Saturday, August 29, 2015

Bernie Sanders and Hillary Clinton at DNC Summer Meeting 2015

The DNC Summer Meeting gives candidates a chance to address DNC members and state party chairs who will have voting spots at next year’s Democratic National Convention.

Here's what CNN had reported yesterday about the speeches from former Secretary of State Hillary Clinton, former Rhode Island Governor Lincoln Chafee and former Maryland Governor Martin O'Malley. (Senator Bernie Sanders had not yet spoken at the time — and former Virginia Senator Jim Webb did not attended the DNC meeting).

Hillary Clinton acknowledged the importance super delegates, party activists, leaders and elected officials whose support counts to the eventual delegate that decides the party's nominee. The campaign is already hyper-focused on the number of super delegates, and Clinton's top aides receive daily briefings that tally their super delegates — and they feel very confident in their super delegate strength.

Lincoln Chafee spoke before Clinton, delivering a far more subdued speech that was not that well received. Chafee noted during his speech that in 30 years of public life, he "has had no scandals." Many of the DNC members took that at a shot at Clinton, who has been dogged by controversies and scandals for much of her career. There were audible boos from the audience. (Chafee told reporters after the speech that the line was not aimed at Clinton.)

Martin O'Malley charged the Democratic party with "circling the wagons" around Clinton. "Until we start having debates, our party's going to be defined and branded by questions like: What did Secretary Clinton know, when did she know it, and when will the FBI conclude its investigation?" DNC officials say it is highly unlikely that the party will sanction any more debates, even with O'Malley's complaints. It is also unlikely, they say, that the party will lower their strict rules about participating in unsanctioned DNC debates.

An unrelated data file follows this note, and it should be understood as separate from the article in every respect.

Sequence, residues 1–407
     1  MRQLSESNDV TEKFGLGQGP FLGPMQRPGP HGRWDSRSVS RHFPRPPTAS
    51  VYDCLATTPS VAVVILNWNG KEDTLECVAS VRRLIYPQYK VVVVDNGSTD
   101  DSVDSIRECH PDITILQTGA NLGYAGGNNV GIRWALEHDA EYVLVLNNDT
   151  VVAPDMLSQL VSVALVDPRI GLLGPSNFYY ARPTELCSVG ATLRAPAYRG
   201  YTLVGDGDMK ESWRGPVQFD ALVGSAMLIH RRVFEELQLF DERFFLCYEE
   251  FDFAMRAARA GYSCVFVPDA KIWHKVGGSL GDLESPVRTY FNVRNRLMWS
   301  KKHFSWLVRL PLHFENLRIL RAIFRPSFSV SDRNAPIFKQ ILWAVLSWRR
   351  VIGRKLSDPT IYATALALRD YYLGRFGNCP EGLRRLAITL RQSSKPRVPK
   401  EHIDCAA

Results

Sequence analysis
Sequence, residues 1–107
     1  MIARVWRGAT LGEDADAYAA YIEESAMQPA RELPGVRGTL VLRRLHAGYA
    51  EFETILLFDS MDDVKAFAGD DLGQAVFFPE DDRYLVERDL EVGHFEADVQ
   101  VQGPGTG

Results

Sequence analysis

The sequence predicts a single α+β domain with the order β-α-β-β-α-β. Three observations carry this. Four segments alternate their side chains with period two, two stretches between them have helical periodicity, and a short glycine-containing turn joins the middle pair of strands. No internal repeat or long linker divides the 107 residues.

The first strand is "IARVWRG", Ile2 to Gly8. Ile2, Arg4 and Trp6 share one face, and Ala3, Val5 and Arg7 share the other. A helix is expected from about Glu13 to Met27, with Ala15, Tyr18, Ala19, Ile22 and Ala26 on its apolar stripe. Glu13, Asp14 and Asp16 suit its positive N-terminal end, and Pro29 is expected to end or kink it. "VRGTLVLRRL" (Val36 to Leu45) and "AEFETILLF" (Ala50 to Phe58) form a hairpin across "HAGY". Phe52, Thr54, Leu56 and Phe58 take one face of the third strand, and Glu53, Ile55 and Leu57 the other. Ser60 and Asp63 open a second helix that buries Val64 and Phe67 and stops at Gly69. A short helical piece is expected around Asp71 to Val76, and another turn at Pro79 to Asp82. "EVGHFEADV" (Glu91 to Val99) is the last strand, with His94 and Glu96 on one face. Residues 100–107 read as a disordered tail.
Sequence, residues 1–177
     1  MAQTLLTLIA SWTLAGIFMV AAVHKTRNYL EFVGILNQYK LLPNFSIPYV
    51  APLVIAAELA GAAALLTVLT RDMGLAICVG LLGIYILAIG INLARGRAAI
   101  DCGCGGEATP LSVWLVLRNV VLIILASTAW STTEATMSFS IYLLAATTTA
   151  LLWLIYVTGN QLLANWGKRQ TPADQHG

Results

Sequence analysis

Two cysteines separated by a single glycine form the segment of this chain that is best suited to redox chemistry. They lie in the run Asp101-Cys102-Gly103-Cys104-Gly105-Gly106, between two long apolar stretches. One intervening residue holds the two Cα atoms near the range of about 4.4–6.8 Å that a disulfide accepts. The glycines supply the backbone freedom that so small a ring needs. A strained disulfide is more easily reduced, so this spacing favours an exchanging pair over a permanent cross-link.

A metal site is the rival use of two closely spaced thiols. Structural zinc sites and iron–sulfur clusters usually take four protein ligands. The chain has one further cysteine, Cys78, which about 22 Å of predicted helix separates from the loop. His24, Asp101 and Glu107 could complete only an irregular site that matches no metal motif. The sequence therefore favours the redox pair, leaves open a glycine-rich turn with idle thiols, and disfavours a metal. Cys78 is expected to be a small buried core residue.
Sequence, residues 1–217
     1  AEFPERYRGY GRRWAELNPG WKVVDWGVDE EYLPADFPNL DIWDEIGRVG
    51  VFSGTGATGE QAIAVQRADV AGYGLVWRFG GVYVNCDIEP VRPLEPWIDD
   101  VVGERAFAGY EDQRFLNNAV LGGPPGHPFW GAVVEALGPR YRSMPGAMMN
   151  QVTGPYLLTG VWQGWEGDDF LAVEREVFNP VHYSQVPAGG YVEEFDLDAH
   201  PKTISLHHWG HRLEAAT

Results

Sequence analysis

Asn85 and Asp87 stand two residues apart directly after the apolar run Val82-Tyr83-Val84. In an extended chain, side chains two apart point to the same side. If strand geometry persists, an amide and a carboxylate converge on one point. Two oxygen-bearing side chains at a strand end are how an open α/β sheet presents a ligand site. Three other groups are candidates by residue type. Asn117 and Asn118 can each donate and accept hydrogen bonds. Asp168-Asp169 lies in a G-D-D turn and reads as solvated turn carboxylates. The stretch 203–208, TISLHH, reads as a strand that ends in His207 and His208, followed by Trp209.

Not speaking at the event was Senator Jim Webb. His spokesman, Craig Crawford, said: "We saw no plan offered by DNC officials for meaningful interaction with their members. Time-limited 10 minute speeches and a hospitality room? Direct mail vendors probably get more exposure." Candidates like Webb and O'Malley have openly complained about the DNC's ties to the Clinton campaign. Those complaints grew louder on Thursday when the DNC and Clinton's team signed a joint fundraising agreement, allowing the current Democratic frontrunner [Hillary] to raise money for the party.

VP Joe Biden also didn't attend the DNC Summer Meeting. The National Review's headline reads: Biden Buzz Fizzles at DNC Summer Meeting.

Bernie Sanders was the last to speak. Embedded below is a short edited version of Bernie Sanders' speech — followed by a short edited version of Hillary Clinton's speech.

After listening to both Bernie and Hillary speak, I had asked myself two questions:

  1. What did Bernie say that the vast majority of the American people wouldn't also agree with?
  2. Was there anything at all that Bernie had said that any supporter of Hillary Clinton (or any of the other attendees at the DNC ) would have disagreed with? In other words (and despite the "baggage" Hillary carries, and ignoring her and her husband's past and current controversies), would any of the DNC attendees prefer Hillary over Bernie simply because she is a woman? (Personally, if Bernie hadn't ran and Warren did, I would have supported Warren.)